Xittenn Posted March 17, 2011 Share Posted March 17, 2011 How would I use Lie Algebras, observing infinitesimal transformations over a smooth manifold(non-complex Lie Group,) to gain insight into the geometric properties of some shape? What thoughts could I be observing when looking into the mathematics that this involves? I had looked at the concept of Lie Groups a number of years ago but abandoned it completely as it made no sense when I had. Just looking at the Wiki, most of it is pretty plain English now but Wiki leaves much to be said about proper application. I am beginning a study on topology and will be returning to group theory after I complete this study. I would like to have my thoughts in my mind focused on Lie Algebras and their practical application to the observation of shapes as I go through the material. Am I off in how I have established my preconceived ideas of what is going to develop through these concepts? I wish to do work in the areas of spacial and shape recognition and analysis, machine vision. Link to comment Share on other sites More sharing options...

ajb Posted March 17, 2011 Share Posted March 17, 2011 By a shape you mean a "geometric figure" or a "Rigid body" in a Euclidean space? If so, you have the Euclidean group [math]E(n)[/math], which is the group of isometries of the Euclidean metric. Infinitesimally, the isometries are described by Killing vectors. These form a Lie algebra. I guess these are what you are interested in. Exactly how this helps you with your problem I do not know. Link to comment Share on other sites More sharing options...

Xittenn Posted March 17, 2011 Author Share Posted March 17, 2011 Yes, I mean more so geometric figure here. I would like to take the gradients created by shadows and use these gradients to define geometric shapes and utilize this data in analysis. Thank you for pointing out the 'Killing Vector,' at first glance I thought you were saying to kill vectors. I guess I would be looking for specific groups under analysis incorporating 'Killing Vectors' and by process of elimination. I'm sure more will be understood by me as I approach nearer my goals. Link to comment Share on other sites More sharing options...

DrRocket Posted March 18, 2011 Share Posted March 18, 2011 How would I use Lie Algebras, observing infinitesimal transformations over a smooth manifold(non-complex Lie Group,) to gain insight into the geometric properties of some shape? What thoughts could I be observing when looking into the mathematics that this involves? I had looked at the concept of Lie Groups a number of years ago but abandoned it completely as it made no sense when I had. Just looking at the Wiki, most of it is pretty plain English now but Wiki leaves much to be said about proper application. I am beginning a study on topology and will be returning to group theory after I complete this study. I would like to have my thoughts in my mind focused on Lie Algebras and their practical application to the observation of shapes as I go through the material. Am I off in how I have established my preconceived ideas of what is going to develop through these concepts? I wish to do work in the areas of spacial and shape recognition and analysis, machine vision. I think you need to complete some of your planned studies of topology and group theory, plus some analysis on manifolds before you tackle Lie Algebras. A Lie group is a manifold that is also a group and for which the group operation is smooth. The Lie algebra of a Lie group is the tangent space at the identity with a non-associative multiplication that comes from viewing the tangent space as differential operators. if this seems a bit abstract, I am, not surprised, but it will make more sense after you have learned more mathematics. Don't get ahead of yourself. I am not at all sure that Lie algebras are an appropriate tool for your end application. I suspect not. Link to comment Share on other sites More sharing options...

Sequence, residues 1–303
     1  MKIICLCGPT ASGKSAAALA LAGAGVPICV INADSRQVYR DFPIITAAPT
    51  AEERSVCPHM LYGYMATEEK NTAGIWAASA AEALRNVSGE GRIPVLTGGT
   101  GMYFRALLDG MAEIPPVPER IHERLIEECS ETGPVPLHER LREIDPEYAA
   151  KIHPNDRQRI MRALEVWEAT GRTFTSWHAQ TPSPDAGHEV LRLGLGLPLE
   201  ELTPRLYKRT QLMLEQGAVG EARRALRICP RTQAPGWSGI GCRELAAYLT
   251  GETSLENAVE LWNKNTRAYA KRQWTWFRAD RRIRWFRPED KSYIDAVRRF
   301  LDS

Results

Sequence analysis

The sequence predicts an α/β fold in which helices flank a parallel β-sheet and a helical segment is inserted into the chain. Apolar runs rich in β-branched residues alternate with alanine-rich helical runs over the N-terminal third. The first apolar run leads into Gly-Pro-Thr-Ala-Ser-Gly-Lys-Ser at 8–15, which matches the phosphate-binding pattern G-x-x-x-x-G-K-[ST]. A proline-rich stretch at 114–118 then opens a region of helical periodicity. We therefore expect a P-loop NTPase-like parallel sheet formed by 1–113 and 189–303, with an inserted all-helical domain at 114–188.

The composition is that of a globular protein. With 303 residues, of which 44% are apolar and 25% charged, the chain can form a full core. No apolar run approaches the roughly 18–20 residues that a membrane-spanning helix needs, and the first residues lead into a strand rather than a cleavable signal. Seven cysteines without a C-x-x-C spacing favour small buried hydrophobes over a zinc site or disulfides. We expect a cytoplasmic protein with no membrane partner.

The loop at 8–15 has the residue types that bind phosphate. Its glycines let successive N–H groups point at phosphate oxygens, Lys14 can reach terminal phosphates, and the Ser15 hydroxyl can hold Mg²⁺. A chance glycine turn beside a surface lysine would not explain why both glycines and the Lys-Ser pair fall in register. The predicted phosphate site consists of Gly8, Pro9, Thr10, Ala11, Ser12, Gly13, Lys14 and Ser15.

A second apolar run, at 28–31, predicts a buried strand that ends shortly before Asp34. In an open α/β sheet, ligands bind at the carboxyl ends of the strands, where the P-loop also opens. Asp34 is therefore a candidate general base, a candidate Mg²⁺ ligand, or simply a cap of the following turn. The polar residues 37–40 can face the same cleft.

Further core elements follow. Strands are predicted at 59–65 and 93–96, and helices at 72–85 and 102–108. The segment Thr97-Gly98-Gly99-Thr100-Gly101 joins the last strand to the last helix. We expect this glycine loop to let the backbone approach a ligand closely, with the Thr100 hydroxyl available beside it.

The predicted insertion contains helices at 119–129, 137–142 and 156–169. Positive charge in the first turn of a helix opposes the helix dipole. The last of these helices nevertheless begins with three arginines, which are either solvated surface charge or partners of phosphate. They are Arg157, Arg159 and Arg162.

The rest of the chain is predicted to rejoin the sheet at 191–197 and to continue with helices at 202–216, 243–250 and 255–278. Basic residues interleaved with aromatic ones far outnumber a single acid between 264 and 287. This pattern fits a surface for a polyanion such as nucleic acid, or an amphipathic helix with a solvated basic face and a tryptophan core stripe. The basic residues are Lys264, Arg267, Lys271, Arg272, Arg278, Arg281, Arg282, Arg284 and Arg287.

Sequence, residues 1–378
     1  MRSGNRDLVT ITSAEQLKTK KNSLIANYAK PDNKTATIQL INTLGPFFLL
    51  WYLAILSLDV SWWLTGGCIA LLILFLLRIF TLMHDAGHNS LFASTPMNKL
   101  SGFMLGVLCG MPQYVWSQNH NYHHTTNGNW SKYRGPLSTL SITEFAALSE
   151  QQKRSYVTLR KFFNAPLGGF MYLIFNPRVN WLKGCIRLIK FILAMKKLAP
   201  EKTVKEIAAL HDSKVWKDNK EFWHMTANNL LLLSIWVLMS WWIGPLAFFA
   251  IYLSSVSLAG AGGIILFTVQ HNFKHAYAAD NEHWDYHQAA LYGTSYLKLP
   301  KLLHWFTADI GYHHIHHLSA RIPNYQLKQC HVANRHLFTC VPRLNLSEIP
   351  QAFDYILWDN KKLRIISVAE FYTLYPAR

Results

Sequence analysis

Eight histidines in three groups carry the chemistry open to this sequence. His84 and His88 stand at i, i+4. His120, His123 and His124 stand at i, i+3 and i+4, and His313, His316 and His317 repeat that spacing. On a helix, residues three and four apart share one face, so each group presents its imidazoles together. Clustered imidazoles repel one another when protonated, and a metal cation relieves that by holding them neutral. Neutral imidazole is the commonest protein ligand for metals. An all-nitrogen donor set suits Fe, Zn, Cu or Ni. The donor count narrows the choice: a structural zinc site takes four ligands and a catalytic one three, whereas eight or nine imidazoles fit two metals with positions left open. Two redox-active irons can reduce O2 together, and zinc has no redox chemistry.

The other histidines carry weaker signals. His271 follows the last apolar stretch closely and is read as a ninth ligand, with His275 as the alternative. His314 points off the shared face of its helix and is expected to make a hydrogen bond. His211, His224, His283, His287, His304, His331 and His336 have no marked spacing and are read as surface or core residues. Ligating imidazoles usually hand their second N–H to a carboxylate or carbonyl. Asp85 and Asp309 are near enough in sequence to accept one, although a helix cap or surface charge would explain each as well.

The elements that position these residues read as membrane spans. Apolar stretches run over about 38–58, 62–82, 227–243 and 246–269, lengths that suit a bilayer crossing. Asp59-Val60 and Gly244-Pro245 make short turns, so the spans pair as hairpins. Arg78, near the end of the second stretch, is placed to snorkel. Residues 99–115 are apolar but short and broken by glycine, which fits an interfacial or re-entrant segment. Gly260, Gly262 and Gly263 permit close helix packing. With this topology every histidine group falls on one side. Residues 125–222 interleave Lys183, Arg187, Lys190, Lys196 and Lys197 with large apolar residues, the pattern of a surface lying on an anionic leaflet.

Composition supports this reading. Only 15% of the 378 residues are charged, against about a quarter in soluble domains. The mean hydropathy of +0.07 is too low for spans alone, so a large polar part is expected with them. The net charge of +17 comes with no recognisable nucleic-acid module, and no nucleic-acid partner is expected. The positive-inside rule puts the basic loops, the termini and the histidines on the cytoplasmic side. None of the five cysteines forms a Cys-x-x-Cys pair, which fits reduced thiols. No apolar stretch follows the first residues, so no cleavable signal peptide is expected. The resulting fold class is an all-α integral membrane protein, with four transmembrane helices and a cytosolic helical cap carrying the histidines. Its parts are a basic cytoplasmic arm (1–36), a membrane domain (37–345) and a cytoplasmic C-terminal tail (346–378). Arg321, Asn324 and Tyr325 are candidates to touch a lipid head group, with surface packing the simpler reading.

Xittenn Posted March 18, 2011 Author Share Posted March 18, 2011 Actually it's pretty understandable though it is still ahead of me! I don't understand why you both state that it might not be relevant but it is something I have kept in mind that maybe I just don't understand it well enough to see exactly why this is, this was kind of why I asked. I guess I figured if I could assemble a graph of a relation that embedded such supporting mathematics I could walk on sets of geometries in the form of groups, thereby enabling the representation of complex geometric figures as sets of simpler manifold identities. :/ I'll get there soon enough! Link to comment Share on other sites More sharing options...

DrRocket Posted March 18, 2011 Share Posted March 18, 2011 I guess I figured if I could assemble a graph of a relation that embedded such supporting mathematics I could walk on sets of geometries in the form of groups, thereby enabling the representation of complex geometric figures as sets of simpler manifold identities. :/ huh ? Link to comment Share on other sites More sharing options...

Xittenn Posted March 18, 2011 Author Share Posted March 18, 2011 Using analysis I would like to decompose an image and identify individual smooth manifolds. If I can describe a portion of a geometric figure as a group that is a smooth manifold then I can create a set where each elements value is a group that represents a given smooth manifold. I could then use the set and an algorithm or set of algorithms that essentially establishes a graph of a relation on the set. Then another algorithm could be established that walks the graph as a matrix and identifies the object that is being viewed. Something like that yes. I guess, looking over what constitutes an Lie Group, it is sufficient to restrict any future statements to [math] E_n® [/math]. Which ajb mentioned! Link to comment Share on other sites More sharing options...

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